The 2013 Boston Marathon is almost here. And it’s Friday. It’s 12:30 pm. It’s time to wrap up what the Marathon Challenge experience is all about. I leave it to my sister, Blair, to share her story. Thank you for being an inspiration to so many people and helping me raise more than $10,000 this year!!
My brother asked me to explain what the Dana-Farber Marathon Challenge means to me, so here goes….
This isn’t easy for me to talk about. I always try to be the rock and stay positive for everyone, but when it comes down to it, I have to admit that I blocked out a lot of the two cancer experiences in my life.
If Eric would have asked me this two years ago my answers would be very different than today. Eric and I lost our father from cancer when we were far too young; so was our dad. It was at that point when we realized the importance of giving back and donating to cancer research. As a family, over the past 13 years we have raised countless amounts of money for the Jimmy Fund and Dana-Farber, and in the past 6 years Eric has taken that fundraising to new heights.
What DFMC means to me….
First and foremost it means hope; hope that one day there will be a cure for cancer so we never have to lose a person to cancer ever again.
Our world was turned around when we lost our father to cancer in October of 1999. November 9th 2011 our lives were forever changed again when I was diagnosed with ovarian cancer. Prior to that, Eric had been running in memory of our father and that meant so much to me. Never did I think he would ever have to run in my honor as well.
The first day I started chemo, Eric presented me with a banner signed by many of his DFMC teammates wishing me luck. That banner meant so much to me. Each one of those runners train so hard and work so hard on raising money, and I was starting my intense course of treatment knowing that they were there with me. That banner showed me lots of love and support that helped me through my treatment.
DFMC means I don’t have to be so nervous every time I go for a cancer check up because I know all the money the DFMC team raises goes directly towards cancer research. The research part is so important to me for two reasons. One being, both our father and his mother died from lung cancer. If there is a genetic link, I hope that the research will help to identify and create targeted treatments so that no other family will have to lose a family member to that same form of lung cancer ever again. And secondly, the type of ovarian cancer I had was very rare. In my case I was incredibly lucky that it was caught early; others aren’t so lucky. Thanks to research, they have been able to determine the best course of treatment to wipe out my type of cancer and prevent it from coming back.
At our first pasta party two years ago, the highlight of our night was Eric & Lindsey’s video surprise of their top 10 reasons why they run for Dana-Farber. After that I thought that no pasta party could top that one. Little did I know that the following year I would be a cancer patient. But last year, sitting there totally bald, one-month post chemo, I had an overwhelming feeling of understanding what all the other patients were going through. I was one of them.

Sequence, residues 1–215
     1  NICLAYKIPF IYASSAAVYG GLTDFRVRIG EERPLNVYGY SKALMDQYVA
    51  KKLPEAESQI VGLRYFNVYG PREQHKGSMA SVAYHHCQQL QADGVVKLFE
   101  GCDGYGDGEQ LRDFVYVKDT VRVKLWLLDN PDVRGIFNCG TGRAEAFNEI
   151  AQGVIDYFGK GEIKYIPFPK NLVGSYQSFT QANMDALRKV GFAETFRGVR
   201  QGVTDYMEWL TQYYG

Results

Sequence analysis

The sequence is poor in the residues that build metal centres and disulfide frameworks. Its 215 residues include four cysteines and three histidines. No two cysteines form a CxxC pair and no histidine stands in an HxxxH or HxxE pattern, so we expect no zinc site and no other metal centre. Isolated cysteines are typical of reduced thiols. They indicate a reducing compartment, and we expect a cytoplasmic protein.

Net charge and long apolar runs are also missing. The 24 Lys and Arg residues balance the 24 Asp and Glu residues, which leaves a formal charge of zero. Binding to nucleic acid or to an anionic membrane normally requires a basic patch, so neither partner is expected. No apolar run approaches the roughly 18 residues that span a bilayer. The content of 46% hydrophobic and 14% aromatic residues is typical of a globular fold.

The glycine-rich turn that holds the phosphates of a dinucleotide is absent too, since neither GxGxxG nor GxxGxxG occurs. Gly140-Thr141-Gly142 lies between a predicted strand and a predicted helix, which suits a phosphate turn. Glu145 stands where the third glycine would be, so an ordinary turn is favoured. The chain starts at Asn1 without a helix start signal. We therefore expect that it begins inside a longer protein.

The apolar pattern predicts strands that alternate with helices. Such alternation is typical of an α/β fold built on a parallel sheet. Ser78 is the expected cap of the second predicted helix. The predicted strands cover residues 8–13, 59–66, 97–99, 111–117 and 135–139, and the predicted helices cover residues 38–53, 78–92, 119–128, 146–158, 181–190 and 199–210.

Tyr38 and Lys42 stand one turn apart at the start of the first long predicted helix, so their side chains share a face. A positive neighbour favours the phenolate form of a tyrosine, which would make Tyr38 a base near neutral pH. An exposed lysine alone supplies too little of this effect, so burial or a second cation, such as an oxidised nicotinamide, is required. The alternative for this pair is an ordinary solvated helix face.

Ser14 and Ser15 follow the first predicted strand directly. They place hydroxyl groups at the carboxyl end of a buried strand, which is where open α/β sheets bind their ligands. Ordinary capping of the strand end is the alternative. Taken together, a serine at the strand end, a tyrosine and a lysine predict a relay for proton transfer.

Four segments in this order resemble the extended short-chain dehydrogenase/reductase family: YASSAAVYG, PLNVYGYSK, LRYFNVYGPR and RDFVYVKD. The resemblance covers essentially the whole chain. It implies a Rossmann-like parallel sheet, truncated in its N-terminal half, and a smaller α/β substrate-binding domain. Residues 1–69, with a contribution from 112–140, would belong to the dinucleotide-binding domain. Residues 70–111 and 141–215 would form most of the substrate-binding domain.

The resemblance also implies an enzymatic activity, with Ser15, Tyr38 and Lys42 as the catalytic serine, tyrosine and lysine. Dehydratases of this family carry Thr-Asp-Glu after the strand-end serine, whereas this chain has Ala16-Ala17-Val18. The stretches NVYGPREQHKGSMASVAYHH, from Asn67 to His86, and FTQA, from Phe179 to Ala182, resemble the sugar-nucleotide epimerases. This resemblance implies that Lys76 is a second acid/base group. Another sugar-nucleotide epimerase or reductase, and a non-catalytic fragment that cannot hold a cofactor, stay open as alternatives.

One of the most touching parts of the pasta party is when the patients are recognized with their partners. I always knew that Eric would be a great patient partner because he was there for me through everything. Some people may say that he’s family and he’s supposed to, but he went above and beyond and the money he raised last year was astonishing. On Sunday night I’m looking forward to seeing Eric on stage with Alex, his patient partner, so they can get the recognition they both deserve.
Last year’s Marathon Monday was a very powerful one. Never have I cheered more loudly for the DFMC runners. I got a lot of waves and high fives but one man really touched my heart. He ran over to me and said, “we run for you!” I never could have imagined someone saying that to me. At that moment I realized more so than ever that it is not just about the money these runners raised, but it is amazing to see how extraordinary all these runners are on the inside. I look at them as my inspiration and they looked at me as theirs.
Marathon Monday 2012 was a brutally hot day. Eric struggled, but he never gave up as much as I’m sure that he may have wanted to. I know in his mind he was as determined to cross that finish line with my name on his singlet, as I was just as determined to fight my cancer and cross my own finish line of completing treatment and being cancer free.
I am so incredibly proud of my brother. I looked at him for inspiration with how hard he trained for the Marathon and I know that he looked to me with amazement at the way I handled my cancer diagnosis and fight. He was there every day that I had treatment. He would even come in when I would be there on the weekends. He has not missed a doctor’s appointment or a check up. He is the most unbelievable person I know!
Every time Eric has run with our father’s name on his back it has felt amazing. And now with my name also there, I know this year will be no different. I am so thankful for the love and support of all of our family and friends during my difficult time and with Eric’s fundraising. Unfortunately, I now can relate to every cancer patient out there and we are all heroes in our own way, just as each runner is a hero to each of us and each person who donates is truly an angel.
For all the DFMC runners, good luck, run hard, keep up the great work and may the wind be at your back on Monday, especially Eric, my hero!
Thank you all for everything you do for us and continue to do. And thank you Eric for being the most wonderful brother any sister could have!